Updated: Mar 15, 2019

Shotover Country Park in Oxford
Shotover Country Park in Oxford has a myriad of interconnected paths providing hours of unique walks.

Trails There are three way marked trails to guide you through the park. They all start in Mary Sadler’s Field near the car park. Assuming a relaxed pace the red trail will take 30 minutes, the yellow 45 minutes and the green about 2 hours.

Bridleway For horse riders and cyclists there are 5km of paths to follow. The route starts from Shotover Plain near the car park. Please follow the blue arrows.

Orienteering There is a station orienteering course around the Park. Look out for the distinctive red and white marker posts. Orienteering maps can be obtained from the parks office or Thames Valley Orienteering Club.

Sandpit For children the most popular haunt is a natural sandpit in which they may spend hours building castles or damming the tiny stream. Follow the red trail to get you there.

Disabled paths and access There is a network of paths around the lower parts of the Country Park accessible to wheelchair users. Access is from Brasenose Farm on Oxford’s Eastern Bypass.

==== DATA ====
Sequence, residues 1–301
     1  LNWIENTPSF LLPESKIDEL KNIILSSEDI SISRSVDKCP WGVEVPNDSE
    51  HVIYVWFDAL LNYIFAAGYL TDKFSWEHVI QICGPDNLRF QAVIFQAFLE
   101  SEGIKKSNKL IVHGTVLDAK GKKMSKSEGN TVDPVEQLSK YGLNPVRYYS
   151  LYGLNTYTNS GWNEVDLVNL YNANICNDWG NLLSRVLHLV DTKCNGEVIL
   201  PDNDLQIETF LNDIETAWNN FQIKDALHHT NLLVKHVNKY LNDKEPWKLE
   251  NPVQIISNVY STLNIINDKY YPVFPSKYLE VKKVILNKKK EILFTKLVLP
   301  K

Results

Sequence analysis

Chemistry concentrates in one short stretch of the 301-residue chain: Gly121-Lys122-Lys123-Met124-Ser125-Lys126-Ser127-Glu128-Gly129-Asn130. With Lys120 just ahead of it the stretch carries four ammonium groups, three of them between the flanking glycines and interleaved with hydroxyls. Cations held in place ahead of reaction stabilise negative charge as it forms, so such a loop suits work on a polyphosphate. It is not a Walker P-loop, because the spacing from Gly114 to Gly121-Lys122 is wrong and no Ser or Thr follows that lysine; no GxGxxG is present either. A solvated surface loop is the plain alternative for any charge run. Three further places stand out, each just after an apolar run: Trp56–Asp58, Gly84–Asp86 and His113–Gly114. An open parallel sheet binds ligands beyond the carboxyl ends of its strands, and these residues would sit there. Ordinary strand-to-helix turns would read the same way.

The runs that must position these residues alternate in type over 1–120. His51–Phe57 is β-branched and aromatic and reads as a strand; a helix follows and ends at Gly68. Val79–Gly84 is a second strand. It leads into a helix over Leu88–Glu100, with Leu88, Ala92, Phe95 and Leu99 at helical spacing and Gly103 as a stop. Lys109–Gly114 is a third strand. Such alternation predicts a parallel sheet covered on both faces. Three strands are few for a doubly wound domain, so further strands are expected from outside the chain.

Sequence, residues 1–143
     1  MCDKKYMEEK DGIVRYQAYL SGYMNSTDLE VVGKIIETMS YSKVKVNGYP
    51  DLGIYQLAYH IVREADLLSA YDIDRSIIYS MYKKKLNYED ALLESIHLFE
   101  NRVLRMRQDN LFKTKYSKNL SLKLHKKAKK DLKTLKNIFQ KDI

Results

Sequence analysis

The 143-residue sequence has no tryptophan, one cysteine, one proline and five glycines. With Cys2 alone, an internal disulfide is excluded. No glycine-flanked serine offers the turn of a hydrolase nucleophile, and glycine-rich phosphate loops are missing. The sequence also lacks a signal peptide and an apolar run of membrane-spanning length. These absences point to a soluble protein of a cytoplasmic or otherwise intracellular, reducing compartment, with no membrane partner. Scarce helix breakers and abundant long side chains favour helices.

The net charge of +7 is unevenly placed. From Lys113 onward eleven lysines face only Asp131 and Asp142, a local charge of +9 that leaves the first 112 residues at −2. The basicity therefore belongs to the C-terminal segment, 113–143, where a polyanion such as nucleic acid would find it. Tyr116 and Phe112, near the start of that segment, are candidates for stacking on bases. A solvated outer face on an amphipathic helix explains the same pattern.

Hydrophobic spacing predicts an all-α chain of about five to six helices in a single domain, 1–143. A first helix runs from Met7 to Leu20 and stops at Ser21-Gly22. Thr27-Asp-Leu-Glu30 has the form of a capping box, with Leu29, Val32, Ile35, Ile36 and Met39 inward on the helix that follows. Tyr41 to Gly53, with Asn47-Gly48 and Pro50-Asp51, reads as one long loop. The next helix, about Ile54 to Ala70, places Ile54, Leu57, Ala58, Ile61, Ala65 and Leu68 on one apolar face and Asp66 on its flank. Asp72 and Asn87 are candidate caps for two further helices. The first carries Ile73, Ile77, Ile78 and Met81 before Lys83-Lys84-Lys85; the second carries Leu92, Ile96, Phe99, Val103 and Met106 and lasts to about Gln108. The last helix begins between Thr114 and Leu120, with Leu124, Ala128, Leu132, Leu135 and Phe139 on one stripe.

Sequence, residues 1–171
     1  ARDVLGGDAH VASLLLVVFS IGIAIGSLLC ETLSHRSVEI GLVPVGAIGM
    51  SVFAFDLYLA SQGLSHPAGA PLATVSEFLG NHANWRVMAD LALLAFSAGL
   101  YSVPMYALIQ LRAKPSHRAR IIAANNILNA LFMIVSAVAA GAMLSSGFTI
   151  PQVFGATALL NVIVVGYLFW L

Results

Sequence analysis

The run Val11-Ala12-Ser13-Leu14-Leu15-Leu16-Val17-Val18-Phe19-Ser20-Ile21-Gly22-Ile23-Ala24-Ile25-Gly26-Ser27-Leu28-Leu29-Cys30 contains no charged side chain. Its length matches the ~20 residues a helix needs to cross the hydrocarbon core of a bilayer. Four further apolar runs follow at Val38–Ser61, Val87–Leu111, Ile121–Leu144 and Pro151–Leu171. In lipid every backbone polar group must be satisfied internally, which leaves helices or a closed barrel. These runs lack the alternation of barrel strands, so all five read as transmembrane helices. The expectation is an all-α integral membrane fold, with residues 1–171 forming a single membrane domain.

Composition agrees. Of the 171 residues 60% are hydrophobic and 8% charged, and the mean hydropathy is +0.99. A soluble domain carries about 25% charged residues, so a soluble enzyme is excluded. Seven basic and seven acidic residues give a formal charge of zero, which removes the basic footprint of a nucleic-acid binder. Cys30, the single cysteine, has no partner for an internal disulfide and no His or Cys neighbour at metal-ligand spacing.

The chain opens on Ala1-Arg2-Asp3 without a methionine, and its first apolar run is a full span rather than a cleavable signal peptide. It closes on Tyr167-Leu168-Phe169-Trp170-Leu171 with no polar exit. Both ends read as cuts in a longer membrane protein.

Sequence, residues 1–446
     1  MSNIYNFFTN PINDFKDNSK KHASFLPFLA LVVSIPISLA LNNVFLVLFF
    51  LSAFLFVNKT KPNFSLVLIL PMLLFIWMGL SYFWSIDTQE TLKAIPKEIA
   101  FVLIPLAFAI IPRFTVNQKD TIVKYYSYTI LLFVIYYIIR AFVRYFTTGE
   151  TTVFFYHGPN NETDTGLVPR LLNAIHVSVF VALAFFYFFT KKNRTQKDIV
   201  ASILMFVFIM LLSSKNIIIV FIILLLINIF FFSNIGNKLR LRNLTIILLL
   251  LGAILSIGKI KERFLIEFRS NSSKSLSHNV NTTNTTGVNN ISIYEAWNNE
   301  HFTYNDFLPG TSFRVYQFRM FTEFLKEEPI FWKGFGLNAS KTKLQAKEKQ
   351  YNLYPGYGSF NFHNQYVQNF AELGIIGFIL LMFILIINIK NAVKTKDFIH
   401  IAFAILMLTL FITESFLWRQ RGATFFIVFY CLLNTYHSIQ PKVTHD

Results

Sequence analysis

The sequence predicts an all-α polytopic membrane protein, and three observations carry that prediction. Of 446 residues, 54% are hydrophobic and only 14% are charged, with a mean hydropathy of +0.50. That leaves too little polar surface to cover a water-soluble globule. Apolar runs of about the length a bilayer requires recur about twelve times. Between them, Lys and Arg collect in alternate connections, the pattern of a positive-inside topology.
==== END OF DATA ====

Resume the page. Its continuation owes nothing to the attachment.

Other paths There is an extensive network of paths on Shotover. Those that are on the map are checked and maintained by the rangers. There are many other paths and desire lines, some only seasonal, that you can discover for yourself.

History of Shotover Country Park

The landscape of Shotover has changed throughout its history from Saxon times until the Civil War (640s) .

Shotover was part of a Royal Forest providing a hunting ground for noblemen, fuel and grazing for local people, and timber for many of Oxford’s historic buildings. In 1660 Shotover ceased to be a Royal Forest and became open farmland which was grazed or cultivated.

Until the end of the 18th Century the main road to London passed across Shotover Plain where travellers often fell victim to highwaymen.

From the late 1930s Oxford City Council started to manage Shotover as a park and two wardens were employed to look after it.

During the first half of the 20th Century farming ceased at Shotover and woodland started to establish.

During World War II Slade Camp was part of Cowley Barracks and provided a temporary home for soldiers who took part in the D Day landings.

At the same time Shotover Hill was used for military training and tanks built at Cowley were tested there.

From the late 1970s work started to clear woodland to restore heath, grassland and marsh habitats.